The gender and side asymmetry of length of the styloid process
The styloid process is a sharp bony projection, at the base of the skull, and part of the temporal bone. Muscles and ligaments are attached to this process, but they are rarely of any clinical significance unless the styloid process is fractured or severely elongated. Pathology of the styloid process is referred to as Eagle’s syndrome. This was after a publication by Eagle (1937) in which he reported a 4% prevalence of elongated styloid processes. Later studies reported much higher percentages of elongated processes. The aims of this study was to investigate the mean length of the styloid process and compare this with what is accepted as the “normal” length after the Eagle publication. The study also looked at evidence of asymmetry between the two sides within the same specimen. Comparison in the lengths between the two sexes were also made. Forty-five styloid processes from 28 different individuals were measured for comparison. The sample group consisted out of 18 males- and 10 female subjects. The lengths of the styloid processes varied from 7.17 – 50.54mm, with a mean of 27.48mm. Styloid processes were on average 0.87mm longer on the right side and 3.12mm longer in the male specimens. This mean length of 27mm supports the claim by Eagle that the “normal” length is around 25mm. Ten out of 25 individuals (40%) exhibited “elongated” styloid processes measuring over 25mm. These findings were higher than those reported by Eagle. Elongated styloid processes are clinically important in order to make the correct diagnosis.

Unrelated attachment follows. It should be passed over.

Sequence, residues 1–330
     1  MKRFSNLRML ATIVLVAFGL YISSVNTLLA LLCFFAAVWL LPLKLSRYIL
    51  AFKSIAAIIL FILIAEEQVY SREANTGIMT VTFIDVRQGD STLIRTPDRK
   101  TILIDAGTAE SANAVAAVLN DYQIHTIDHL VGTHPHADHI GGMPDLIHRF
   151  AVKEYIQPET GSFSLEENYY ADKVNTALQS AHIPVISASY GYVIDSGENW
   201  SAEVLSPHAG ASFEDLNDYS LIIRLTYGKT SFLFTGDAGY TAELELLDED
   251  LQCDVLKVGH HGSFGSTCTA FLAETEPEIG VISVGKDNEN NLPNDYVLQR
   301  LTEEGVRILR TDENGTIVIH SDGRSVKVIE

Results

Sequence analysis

Keywords: Styloid process; Eagel’s Syndrome; Elongated (abnormal length) styloid process.